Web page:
And now the SEC has scheduled an open meeting on April 29 at which it will consider proposing rules for pay-for-performance disclosure. You can find the SEC’s Sunshine Act notice of this meeting here. It’s anyone’s guess what the proposed rules will look like, but the proposals will definitely generate lots of interest. So, for the time being, all I can suggest is “watch this space.” We’ll let you know once we have a chance to see what emerges from the open meeting.
On Sunday, April 12, the Business section of the New York Times led with an article by Gretchen Morgenson taking the SEC to task for not having adopted rules requiring disclosure of CEO pay ratios. This follows similar complaints by members of Congress, most recently in the form of a March letter by 58 Democratic congressmen to Chair White. And going further back – specifically, to Chair White’s Senate confirmation hearing in March 2013 – Senator Warren told Chair-Designate White that SEC action on this rule “should be near the top of your list.”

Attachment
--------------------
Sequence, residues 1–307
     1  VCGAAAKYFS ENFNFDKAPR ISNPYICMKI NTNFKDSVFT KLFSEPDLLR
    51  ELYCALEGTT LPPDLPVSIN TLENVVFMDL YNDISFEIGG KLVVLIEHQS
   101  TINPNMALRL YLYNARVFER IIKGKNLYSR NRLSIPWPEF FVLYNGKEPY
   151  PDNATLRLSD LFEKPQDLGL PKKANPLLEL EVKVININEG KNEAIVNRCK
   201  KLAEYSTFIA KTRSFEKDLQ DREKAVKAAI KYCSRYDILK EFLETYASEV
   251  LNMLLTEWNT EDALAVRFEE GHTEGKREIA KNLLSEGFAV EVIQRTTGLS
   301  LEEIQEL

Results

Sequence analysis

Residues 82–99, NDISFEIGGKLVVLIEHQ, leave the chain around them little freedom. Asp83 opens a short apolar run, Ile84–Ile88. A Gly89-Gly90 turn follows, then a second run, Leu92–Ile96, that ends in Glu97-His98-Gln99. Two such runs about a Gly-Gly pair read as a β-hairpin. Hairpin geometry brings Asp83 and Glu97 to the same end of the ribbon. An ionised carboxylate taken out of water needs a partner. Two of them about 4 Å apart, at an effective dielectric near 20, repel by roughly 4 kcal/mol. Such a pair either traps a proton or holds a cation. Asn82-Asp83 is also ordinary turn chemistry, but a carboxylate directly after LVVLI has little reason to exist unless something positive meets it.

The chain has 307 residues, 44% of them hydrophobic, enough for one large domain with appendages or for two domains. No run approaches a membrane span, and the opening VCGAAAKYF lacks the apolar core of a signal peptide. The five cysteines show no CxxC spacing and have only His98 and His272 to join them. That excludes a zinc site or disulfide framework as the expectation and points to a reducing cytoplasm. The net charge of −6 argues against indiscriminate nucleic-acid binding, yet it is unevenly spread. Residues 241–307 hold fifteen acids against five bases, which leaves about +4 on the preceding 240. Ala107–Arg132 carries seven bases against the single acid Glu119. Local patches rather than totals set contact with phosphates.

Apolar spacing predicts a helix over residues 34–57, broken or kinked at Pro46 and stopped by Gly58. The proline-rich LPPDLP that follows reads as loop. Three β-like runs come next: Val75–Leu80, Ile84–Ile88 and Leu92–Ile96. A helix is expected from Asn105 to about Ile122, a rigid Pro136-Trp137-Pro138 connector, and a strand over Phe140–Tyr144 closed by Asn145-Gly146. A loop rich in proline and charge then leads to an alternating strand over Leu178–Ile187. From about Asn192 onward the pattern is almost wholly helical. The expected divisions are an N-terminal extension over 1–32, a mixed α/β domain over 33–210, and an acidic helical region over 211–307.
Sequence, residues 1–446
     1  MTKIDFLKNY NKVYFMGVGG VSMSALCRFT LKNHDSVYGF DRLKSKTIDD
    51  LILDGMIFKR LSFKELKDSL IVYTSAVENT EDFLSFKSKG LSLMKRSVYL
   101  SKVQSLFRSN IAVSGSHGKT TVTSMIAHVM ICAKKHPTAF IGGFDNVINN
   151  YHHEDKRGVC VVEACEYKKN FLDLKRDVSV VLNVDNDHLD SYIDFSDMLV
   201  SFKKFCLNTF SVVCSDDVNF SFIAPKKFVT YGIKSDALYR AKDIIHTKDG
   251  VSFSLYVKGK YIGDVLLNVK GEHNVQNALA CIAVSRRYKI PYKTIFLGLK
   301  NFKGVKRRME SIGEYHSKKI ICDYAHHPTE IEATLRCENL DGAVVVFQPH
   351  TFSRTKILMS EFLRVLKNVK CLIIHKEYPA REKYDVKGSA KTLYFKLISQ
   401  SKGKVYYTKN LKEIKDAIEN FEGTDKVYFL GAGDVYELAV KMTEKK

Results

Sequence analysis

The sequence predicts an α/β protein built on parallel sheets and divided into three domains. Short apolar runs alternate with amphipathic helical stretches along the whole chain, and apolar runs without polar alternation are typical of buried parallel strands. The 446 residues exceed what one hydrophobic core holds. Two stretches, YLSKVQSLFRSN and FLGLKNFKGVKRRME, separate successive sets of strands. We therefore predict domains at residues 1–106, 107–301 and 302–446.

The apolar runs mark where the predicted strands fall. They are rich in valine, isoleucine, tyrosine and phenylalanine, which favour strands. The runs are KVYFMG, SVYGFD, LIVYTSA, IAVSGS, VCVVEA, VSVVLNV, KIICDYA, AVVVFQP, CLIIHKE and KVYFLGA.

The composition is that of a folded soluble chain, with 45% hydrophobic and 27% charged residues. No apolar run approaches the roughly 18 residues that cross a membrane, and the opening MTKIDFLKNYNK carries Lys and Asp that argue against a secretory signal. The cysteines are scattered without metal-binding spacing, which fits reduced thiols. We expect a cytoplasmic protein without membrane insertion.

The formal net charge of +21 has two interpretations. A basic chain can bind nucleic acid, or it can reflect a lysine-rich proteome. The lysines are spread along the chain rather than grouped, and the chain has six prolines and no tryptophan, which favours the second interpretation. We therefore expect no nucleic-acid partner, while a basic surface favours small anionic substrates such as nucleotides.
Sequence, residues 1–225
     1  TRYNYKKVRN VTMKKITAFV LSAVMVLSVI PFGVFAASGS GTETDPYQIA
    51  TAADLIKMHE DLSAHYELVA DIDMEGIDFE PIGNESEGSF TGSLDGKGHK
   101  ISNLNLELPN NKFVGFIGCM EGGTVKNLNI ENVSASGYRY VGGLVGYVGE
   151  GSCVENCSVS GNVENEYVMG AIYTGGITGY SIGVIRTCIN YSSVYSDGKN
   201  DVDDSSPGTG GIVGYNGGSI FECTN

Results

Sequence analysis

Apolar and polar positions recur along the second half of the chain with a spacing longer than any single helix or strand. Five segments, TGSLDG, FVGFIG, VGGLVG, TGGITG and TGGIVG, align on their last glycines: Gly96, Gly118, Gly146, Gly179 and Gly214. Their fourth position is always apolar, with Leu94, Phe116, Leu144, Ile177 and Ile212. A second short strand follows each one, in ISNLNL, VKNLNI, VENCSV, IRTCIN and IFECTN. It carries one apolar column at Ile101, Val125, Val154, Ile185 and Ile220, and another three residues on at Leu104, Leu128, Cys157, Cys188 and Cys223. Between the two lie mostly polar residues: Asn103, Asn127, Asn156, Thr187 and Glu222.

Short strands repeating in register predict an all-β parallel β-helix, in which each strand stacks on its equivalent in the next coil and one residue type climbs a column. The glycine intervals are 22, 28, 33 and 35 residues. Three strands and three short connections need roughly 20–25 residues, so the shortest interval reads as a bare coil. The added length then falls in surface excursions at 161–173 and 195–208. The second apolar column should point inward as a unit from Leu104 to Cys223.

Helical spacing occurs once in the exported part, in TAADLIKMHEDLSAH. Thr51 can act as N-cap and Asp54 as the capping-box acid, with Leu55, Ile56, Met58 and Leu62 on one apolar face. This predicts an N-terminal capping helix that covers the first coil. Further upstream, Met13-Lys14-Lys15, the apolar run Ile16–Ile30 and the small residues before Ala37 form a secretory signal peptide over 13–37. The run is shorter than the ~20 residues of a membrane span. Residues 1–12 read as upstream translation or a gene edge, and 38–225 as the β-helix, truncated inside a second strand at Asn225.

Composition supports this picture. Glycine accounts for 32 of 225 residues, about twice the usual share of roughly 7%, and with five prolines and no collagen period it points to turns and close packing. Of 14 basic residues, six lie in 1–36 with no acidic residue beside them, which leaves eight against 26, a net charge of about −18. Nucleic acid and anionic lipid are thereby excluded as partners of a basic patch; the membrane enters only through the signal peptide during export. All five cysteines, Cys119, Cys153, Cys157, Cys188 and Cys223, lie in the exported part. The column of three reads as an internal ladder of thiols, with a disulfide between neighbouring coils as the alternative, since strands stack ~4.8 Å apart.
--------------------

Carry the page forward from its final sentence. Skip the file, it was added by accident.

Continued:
I’ve given this a great deal of thought since Congress mandated pay ratio disclosure in the Dodd-Frank Act, and I’ve yet to figure out why – aside from political considerations – so many people think this disclosure is so important or what it will achieve. In fact, when I coordinated a comment letter on the rule proposal as Chair of the Securities Law Committee of the Society of Corporate Secretaries and Governance Professionals, I told a number of people that it was the hardest comment letter I’d ever worked on, and I believe that was the case because it was hard to comment on a proposal that struck and continues to strike me as ill-advised and unnecessary in its entirety.
Ms. Morgenson’s article proves my point. It provides pay ratio data for a number of companies, as determined by a Washington think tank. But at the end of the article, all the data demonstrate is that the CEOs of the companies in question make a ton of money. The ratios don’t tell us anything more than that; Disney had the highest ratio, but does anyone need a ratio to know that its CEO makes lots of money? Ditto Oracle, Starbucks and the others – in all cases, the ratio is far less informative than the dollar amounts, which of course are and have for many years been disclosable.